[name=Olivia J] [description=I am not your average beauty blogger. Blogging since 2009. Editor of The Unknown Beauty Blog -- Read by the Intelligent! Uncredited, copied, and Plagiarized by the Idiots!] [img=https://lh3.googleusercontent.com/-lQjJcRIw170/V1OXLv8leSI/AAAAAAAAeLE/6w7gg1uTmFEATqiSoBsIJ8_FH45ZUM84QCCo/s500/Olivia%25252520Denim.jpg]

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If I Hire a Makeup Artist, What Do I Expect?

*Post originally written by Olivia J on The Unknown Beauty Blog. If you see this post elsewhere, it has been stolen.**Just blurting out my opinion.*


This post may sound bitchy but look at it this way, if I am hiring you as someone to make up my face for some event or photo shoot; I have the right to judge you.  I am paying for your services--your pro services.  These are my opinions, I don't mean to start a war.

Nowadays, anyone who has a blog and/or YouTube channel and applies makeup can call themselves a makeup artist.  Don't get me wrong, there are legitimate makeup artists out there with both a blog/video channel.  I am talking about the ones who apply only makeup onto themselves and end up saying they are an artist and would like to be hired as one.  I apply makeup onto my face but I don't call myself a makeup artist.  I am equivalent to a Q-Tip, I am just a makeup applicator.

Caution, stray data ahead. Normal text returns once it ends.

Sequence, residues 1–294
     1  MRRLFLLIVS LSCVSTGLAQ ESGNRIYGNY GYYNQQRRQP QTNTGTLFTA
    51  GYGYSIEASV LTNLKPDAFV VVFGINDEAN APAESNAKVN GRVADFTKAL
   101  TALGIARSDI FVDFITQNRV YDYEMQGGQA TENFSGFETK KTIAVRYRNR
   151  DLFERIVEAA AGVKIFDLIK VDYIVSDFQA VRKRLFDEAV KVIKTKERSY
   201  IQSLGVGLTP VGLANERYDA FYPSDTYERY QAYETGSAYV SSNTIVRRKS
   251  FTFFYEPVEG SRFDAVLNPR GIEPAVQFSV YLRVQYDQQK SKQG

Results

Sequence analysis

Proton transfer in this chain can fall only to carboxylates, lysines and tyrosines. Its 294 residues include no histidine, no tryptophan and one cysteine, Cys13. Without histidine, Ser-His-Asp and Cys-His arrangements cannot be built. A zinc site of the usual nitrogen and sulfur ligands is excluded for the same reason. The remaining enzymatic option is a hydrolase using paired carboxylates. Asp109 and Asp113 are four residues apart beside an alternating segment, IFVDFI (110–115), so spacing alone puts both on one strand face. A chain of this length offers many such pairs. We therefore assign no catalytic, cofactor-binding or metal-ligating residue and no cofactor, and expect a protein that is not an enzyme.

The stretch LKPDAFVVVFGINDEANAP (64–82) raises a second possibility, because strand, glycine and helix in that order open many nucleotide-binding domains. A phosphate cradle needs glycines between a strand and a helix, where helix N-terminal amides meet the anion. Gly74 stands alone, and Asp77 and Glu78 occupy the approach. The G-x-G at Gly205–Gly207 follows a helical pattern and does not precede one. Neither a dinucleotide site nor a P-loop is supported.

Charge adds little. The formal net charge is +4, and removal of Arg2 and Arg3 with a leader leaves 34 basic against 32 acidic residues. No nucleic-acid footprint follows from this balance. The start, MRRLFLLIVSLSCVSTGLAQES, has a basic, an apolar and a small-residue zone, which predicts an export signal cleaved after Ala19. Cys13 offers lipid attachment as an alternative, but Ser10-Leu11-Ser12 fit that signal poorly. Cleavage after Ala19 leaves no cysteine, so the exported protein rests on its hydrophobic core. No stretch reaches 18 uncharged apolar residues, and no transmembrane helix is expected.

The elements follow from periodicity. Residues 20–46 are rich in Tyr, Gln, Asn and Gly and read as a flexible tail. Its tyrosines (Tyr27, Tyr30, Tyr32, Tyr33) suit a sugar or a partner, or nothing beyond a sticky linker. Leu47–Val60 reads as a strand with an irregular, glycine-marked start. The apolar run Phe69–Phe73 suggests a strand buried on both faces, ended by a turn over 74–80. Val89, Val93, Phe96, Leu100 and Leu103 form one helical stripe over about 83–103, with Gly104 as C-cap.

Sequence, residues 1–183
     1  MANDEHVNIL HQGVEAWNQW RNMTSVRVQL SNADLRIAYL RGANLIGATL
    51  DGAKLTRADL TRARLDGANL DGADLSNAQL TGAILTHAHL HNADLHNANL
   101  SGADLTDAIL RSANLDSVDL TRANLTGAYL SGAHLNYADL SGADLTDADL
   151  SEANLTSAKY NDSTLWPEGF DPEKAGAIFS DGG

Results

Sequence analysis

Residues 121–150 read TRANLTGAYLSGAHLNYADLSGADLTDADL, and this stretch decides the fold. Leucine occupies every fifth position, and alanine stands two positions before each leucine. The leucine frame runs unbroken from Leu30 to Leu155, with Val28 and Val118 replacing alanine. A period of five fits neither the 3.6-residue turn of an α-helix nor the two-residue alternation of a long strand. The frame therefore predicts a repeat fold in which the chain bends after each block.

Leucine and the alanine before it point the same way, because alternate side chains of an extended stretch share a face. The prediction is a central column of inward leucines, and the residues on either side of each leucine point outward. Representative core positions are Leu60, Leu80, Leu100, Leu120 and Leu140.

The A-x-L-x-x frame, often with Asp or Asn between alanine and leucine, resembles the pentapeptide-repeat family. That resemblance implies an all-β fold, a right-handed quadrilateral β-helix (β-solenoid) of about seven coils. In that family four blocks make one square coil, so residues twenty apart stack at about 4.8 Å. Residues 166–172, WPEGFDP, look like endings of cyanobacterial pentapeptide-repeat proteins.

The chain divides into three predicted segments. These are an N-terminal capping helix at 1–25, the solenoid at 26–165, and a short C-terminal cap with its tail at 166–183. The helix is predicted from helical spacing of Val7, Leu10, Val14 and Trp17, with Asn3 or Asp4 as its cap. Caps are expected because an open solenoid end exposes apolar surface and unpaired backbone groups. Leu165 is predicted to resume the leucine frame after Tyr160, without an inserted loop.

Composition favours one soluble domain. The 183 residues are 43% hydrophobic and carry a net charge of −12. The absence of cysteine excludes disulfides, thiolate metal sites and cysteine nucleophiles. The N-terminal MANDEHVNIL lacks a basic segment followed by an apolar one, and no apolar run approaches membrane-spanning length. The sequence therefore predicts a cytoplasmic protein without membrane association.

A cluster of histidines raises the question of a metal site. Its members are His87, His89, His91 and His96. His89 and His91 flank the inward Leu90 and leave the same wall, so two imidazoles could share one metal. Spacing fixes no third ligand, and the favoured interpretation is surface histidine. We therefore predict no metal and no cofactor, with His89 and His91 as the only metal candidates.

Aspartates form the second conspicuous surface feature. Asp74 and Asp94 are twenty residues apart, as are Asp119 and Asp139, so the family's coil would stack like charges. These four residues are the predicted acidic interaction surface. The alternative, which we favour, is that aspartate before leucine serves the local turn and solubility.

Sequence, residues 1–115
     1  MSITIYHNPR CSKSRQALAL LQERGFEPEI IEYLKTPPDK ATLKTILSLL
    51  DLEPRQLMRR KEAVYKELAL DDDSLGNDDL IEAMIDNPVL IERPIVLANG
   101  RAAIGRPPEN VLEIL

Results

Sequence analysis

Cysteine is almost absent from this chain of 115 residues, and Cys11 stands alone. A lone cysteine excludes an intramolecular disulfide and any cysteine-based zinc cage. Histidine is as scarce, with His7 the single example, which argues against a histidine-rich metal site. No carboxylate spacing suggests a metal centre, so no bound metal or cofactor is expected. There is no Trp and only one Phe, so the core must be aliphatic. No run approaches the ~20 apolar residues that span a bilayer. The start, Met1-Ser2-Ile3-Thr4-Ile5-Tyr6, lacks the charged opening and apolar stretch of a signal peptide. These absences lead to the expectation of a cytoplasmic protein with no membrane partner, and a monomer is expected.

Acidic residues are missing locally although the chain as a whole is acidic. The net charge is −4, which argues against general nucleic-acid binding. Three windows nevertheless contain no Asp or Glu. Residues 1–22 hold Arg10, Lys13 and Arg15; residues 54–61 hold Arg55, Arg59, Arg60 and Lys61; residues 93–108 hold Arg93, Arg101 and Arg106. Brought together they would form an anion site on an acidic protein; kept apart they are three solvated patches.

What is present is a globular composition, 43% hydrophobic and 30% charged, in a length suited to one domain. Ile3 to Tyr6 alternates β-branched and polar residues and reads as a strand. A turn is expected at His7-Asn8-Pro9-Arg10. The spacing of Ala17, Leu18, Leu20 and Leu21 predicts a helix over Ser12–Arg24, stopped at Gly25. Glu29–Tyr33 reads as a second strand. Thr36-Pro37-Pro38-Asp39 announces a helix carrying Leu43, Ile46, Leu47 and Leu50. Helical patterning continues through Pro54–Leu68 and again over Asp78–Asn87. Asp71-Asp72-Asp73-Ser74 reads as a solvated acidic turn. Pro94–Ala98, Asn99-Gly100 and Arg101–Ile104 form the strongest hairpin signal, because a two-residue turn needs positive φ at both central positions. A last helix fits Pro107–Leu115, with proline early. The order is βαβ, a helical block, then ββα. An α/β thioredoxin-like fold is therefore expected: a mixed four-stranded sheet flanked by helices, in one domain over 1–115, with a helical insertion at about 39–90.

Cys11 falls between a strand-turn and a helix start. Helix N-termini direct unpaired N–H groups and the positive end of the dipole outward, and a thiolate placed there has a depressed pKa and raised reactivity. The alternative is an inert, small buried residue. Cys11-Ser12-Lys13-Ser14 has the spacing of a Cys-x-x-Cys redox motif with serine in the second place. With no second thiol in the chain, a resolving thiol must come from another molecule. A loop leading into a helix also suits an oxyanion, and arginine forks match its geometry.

To me a makeup artist can apply makeup onto many faces of many skin tones, of any shape, any age.  He/she will not generalize makeup application but personalize it instead.  For example, every face shape is different and to generalize a highlighting technique is really just similar to wearing a shirt that says, "one size fits all".  Every face is different and, therefore, should be highlighted for maximum beauty.

Before I hire a makeup artist, I would request to see their kit.  I would check to see if everything is organized and clean.

What I don't want to see is one of these palettes


I was a teenager once and I can tell you if I had a palette like this I would have been thrilled.  You are not a teen anymore, you are trying to break into a serious field.  I paid money for your service and to think you would pull out some cheap palette tells me you are more of a makeup junkie.  Look, I understand wanting to have a collection of colors but you really should understand the theory of color more.  These palettes are for play.  The palette is not professional looking and not pigmented enough to look good on every skin type.  Also, it will look like crap on mature skin.

 *picture from StudioFX.ca

If you want to be considered a makeup artist and have a small budget, buy a Ben Nye palette instead.  Ben Nye is pro and high quality but at a great budget conscious price.  The line works on every skin type and every age.  In fact, if you stocked your entire kit with Ben Nye because of budget restrictions, I would be highly impressed. This would tell me you are serious about your job.


You Carry More Colorful Makeup than Neutrals
 
Color stuff catches the eye and are fun to play with, unless you are constantly working as some artistic makeup artist; you need neutrals.  Color, especially eyeshadow should be a small percentage of your collection.  Neutrals and knowing how to apply them to enhance a person's beauty tells me you know what you are doing.  The hardest look for any makeup artist is the natural beauty look.